Keeping in mind that every communication made on behalf of your farm makes an impact on its perception to others, make sure you take extra care when communicating with unsuccessful applicants after an interview process. Sending out rejections is often the last step of the recruitment process for busy hiring managers; however, it is important to take this opportunity to build goodwill with the candidates and leave them with a good impression of your business via the rejection letter.
Six Steps for Writing a Meaningful Candidate Rejection Letter
- Keep it timely. Send the rejection letter within a reasonable amount of time after you have determined the candidate will not be hired. Candidates appreciate not being left wondering for weeks whether they will be offered the job.
- Be direct, but gracious. Begin the letter by warmly thanking the candidate for considering your organization for their next career move. Then get right to the point, remembering to extend a compliment, if you can. For instance, “While your background and qualifications are quite impressive, we have selected another candidate for the position.”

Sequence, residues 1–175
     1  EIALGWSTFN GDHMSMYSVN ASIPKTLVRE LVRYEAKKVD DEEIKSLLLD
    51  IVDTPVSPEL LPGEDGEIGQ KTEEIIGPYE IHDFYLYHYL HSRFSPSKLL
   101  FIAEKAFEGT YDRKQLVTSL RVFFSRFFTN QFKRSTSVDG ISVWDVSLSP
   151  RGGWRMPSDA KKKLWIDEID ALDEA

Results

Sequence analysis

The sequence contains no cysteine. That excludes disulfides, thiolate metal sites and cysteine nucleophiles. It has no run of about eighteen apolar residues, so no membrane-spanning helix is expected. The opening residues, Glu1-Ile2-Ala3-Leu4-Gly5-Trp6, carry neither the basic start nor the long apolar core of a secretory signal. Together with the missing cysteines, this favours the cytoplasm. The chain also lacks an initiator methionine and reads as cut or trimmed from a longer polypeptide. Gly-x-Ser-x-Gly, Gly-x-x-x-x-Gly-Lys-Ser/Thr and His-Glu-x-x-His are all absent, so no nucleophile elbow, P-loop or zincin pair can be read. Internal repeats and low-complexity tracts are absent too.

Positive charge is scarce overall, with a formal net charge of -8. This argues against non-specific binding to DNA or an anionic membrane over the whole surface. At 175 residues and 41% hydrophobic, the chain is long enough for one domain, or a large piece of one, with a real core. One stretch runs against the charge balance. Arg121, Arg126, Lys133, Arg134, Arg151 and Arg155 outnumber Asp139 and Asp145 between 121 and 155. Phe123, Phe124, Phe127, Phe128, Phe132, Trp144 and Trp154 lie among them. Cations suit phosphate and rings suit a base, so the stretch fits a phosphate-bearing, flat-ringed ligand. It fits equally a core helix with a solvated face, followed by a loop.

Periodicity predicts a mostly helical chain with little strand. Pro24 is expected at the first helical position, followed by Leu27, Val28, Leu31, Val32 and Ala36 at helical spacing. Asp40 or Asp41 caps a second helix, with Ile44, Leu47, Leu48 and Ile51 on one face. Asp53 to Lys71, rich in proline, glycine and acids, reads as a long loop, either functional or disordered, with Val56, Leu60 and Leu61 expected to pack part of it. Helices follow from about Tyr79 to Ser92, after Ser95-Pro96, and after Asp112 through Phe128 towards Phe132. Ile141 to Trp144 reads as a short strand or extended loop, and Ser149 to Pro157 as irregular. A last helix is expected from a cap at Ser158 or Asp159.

- Remain neutral. It is safer, legally speaking, to give a non-specific reason for the decision not to hire. And if it was difficult decision to make, communicate that to the candidate as well to help soften the blow of the bad news they are receiving. An example, “We have extended an offer to an applicant whose credentials are better suited for the role. It was a difficult decision.”
- Personalize it. Avoid sending what appears to be a form rejection letter by including the candidate’s name, the title of the role they applied for, and date of the interview. Your signature is a nice touch as well.
- Leave the door open. If you feel the candidate might be a good cultural fit for your company, encourage them to apply for other roles that come available in the future.
- Wish them well. End the letter on a positive note by thanking the candidate for their time and wishing them success in their job search.
The rejected candidate is going to be disappointed no matter how you deliver the news to them. A well-written rejection letter represents a true reflection of your organization’s culture and the candidate will remember the positive experience they had with you.
The opinions of the author are not necessarily those of Farm Futures or Farm Progress.